“It is hardly impossible to overstate the value…of placing human beings in contact with persons dissimilar to themselves, and with modes of thought and action unlike those with which they are familiar,” British philosopher John Stuart Mill wrote in the 1800s. “Such communication has always been, and is peculiarly in the present age, one of the primary sources of progress.”

Our opinion page offers something that is increasingly missing from our information world today – diversity of thought. We’ve wrapped ourselves in our own “filter bubbles” of information. Our social networks feed us the affirmation of beliefs we already hold close. They create an “us versus them” climate where mutual understanding becomes increasingly difficult.

Challenging thoughts are crucial to learning. When we are presented a point of view that gives us new information we have to digest in light of our current beliefs, it creates what researcher Travis Proulx calls “meaning threats.” These threats create a curiosity that leads us to seek new information and to take a different look at the foundations underpinning our current beliefs.

“But to feel curiosity, we have to be conscious that something’s being hidden,” Eli Pariser writes in his book “The Filter Bubble.” It is a book that describes how the internet is designed to give us only what confirms our beliefs. “Because the filter bubble hides things invisibly, we’re not as compelled to learn about what we don’t know. Stripped of the surprise of unexpected events and associations, a perfectly filtered world would provoke less learning.” It also leads us to be less understanding of others.

There are some beliefs that are too deeply held, too sensitive, or too explosive to be challenged without consequences. Newspapers lacking the courage to address these issues do a disservice to their readers, their communities, to the democracy created by the Founding Fathers, and to the soldiers who have died protecting our freedoms.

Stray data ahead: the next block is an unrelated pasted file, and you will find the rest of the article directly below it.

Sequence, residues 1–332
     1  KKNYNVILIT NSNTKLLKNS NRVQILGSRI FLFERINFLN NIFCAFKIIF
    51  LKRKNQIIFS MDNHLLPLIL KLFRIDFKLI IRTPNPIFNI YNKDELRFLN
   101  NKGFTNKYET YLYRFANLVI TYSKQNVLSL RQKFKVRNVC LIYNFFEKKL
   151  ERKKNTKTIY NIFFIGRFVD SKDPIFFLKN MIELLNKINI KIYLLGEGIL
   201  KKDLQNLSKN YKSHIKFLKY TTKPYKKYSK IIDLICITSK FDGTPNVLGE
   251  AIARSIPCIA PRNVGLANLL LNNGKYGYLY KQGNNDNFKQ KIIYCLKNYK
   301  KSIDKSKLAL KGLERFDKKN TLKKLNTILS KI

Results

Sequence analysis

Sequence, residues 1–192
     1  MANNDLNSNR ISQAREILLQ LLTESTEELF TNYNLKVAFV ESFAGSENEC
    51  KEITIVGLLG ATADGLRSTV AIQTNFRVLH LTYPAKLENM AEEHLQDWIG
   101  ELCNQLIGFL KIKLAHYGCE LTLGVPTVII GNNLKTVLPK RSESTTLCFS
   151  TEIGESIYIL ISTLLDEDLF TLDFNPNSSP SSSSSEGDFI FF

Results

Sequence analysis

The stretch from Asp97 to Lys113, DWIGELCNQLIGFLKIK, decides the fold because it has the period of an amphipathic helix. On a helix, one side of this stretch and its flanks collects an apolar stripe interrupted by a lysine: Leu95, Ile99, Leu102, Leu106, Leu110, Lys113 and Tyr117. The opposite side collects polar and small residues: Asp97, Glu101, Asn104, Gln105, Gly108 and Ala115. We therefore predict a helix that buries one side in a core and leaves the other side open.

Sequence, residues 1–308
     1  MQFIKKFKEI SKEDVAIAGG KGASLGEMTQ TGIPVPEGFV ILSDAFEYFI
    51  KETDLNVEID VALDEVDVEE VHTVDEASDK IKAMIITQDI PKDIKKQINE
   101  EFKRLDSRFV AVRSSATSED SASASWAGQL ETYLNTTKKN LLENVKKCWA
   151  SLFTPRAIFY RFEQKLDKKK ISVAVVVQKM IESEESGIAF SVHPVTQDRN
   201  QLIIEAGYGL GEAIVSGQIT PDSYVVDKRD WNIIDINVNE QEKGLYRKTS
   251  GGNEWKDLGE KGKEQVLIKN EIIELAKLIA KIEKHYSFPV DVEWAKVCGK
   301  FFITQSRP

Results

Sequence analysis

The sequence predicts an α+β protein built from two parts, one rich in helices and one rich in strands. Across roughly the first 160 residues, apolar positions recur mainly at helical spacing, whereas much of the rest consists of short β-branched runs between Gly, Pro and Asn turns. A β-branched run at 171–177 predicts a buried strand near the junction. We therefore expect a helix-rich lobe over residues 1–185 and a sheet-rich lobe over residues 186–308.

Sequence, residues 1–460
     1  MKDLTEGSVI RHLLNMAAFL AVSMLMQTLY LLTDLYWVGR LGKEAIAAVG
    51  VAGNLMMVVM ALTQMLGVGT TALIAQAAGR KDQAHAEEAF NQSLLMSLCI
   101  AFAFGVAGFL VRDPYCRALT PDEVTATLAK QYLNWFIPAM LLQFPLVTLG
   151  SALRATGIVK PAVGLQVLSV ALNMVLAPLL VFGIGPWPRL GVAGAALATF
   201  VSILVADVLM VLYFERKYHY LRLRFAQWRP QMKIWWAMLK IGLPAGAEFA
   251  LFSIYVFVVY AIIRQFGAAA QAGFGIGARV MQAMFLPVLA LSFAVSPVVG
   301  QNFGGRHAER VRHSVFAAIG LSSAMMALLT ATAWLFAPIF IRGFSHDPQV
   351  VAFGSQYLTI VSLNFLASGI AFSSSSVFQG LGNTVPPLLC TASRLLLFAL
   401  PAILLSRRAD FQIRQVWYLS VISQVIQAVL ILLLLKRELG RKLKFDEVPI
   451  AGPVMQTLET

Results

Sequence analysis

We do not intend to tell people what to think in our columns, or with the letters and guest editorials printed on this page. What we ask is that you consider the thoughts of the people who make up your community. We ask that you try to understand other points of view to see if there is a path that opens a way to greater understanding if not agreement.

To paraphrase author John Hart, “people walk the same road and see different things.” Once the path is worn, some only see the familiar, the safe, and when they see something new, they say it doesn’t belong – though it has been part of the landscape around them from the beginning. The learner smiles at this new revelation while those with closed minds may be angered or dismissive.

While the editorial page can reflect the opinion of the publisher of the newspaper, we always welcome different views from our subscribers. We may not agree with you, but we guarantee that your voice will be heard as well.